After the warp was finally on the loom correctly the weaving itself was fairly quick and easy. For the first towel, the decorative threads were 2/8 cotton in dark green. The design showed up as lengthwise lace threads in the warp direction, and crosswise lace threads in the weft direction. I squared up the blocks to achieve 2.5 inch squares.
For the second towel I used 2/4 cotton in red. This gave a more textured feel to the decorative grid as the 2/4 cotton is thicker than the 2/8 cotton used for the plain weave sections in the towel.
For the third towel I used DMC embroidery floss in primary and secondary colours. This turned out to be my personal favourite. The colours and shine of the floss just make me happy.
In truth these towels didn’t look like much on the loom. I was worried that the grid would be too large, that the sett of 18 e.p.i. would be too loose. But a hot wash and a good pres, and the towels are exactly what I wanted.
and the reverse side looks pretty too. I like the pattern formed where the decorative threads cross one another.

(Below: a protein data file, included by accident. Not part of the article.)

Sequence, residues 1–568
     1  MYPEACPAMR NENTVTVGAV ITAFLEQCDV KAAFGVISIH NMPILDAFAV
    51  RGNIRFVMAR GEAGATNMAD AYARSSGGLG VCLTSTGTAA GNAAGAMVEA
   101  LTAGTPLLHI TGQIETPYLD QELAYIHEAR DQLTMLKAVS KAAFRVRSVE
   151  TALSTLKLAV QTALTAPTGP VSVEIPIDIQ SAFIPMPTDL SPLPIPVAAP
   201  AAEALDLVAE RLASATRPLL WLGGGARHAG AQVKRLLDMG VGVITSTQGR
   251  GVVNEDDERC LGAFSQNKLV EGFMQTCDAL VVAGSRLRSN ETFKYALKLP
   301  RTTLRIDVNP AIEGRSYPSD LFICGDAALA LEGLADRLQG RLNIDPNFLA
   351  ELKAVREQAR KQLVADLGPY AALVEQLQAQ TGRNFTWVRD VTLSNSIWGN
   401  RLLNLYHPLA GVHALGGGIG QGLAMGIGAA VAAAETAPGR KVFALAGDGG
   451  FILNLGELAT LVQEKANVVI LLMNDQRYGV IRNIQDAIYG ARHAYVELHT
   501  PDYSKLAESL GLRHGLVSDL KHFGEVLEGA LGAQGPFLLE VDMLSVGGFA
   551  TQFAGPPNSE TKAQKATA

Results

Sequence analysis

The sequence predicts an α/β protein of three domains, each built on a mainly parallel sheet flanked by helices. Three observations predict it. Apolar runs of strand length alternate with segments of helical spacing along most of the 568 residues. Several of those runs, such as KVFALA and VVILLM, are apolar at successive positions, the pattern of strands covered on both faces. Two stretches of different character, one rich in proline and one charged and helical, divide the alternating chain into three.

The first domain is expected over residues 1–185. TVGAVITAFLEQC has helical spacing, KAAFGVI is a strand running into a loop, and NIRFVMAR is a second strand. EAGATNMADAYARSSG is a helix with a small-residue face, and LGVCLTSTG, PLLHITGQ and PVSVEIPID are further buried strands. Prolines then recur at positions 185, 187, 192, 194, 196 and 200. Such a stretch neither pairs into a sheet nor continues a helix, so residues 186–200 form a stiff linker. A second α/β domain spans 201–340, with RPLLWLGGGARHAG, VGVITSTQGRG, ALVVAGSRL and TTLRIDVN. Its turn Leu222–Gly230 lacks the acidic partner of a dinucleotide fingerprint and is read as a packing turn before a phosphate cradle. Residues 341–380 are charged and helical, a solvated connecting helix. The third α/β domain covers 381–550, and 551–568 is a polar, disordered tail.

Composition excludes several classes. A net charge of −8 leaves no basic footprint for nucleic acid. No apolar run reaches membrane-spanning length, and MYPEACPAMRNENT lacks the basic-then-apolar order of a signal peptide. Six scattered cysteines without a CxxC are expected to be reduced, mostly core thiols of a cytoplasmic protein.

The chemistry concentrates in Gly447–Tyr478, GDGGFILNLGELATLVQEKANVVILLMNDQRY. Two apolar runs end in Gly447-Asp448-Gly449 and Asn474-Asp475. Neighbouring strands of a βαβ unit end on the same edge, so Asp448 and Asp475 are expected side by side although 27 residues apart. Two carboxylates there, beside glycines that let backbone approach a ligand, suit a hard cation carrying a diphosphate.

I still had some warp left, so I next experimented with adding some colour stripes to the background, and used a soft cotton boucle as decorative threads. As I only had enough boucle in my stash for one towel, the last towel was completed in plain weave colour stripes in reverse colours of towel 4.
I only had about 15 inches left on the warp, so I played around with the lace to make a square that could be used as a bread-cloth, or table mat.
For those who want to know how I was able to change the decorative threads for each towel, here is how I did it. After weaving a towel, I cut the decorative threads and tied on the new yarn. I pulled the new yarn through the heddles and reed and then anchored the new yarn to the web at the front of the loom with pins, and weighted the yarn at the back of the loom using empty baby food jars or coin-weighted prescription bottles. the excess yarn was tucked inside the jars/bottles, and pulled out as I advanced the warp. There were only 7 pairs of threads that needed replacing across the warp so it really wasn’t much extra work.
So simple. Six yards of warp produced 5 tea towels and one square cloth, with lots of room to play and experiment.